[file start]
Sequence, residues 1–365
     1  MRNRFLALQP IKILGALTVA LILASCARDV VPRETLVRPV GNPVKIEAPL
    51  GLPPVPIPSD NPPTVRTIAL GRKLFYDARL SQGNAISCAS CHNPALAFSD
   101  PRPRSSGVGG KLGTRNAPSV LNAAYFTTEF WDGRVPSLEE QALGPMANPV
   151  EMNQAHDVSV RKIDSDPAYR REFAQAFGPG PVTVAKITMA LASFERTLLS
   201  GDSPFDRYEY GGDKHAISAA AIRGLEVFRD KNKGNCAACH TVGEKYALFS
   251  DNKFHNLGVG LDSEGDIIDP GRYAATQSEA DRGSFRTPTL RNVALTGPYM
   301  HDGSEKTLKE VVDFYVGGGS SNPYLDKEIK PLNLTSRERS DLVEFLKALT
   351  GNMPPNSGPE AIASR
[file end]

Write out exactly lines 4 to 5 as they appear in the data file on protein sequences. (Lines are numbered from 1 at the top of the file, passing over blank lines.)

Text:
   101  PRPRSSGVGG KLGTRNAPSV LNAAYFTTEF WDGRVPSLEE QALGPMANPV
   151  EMNQAHDVSV RKIDSDPAYR REFAQAFGPG PVTVAKITMA LASFERTLLS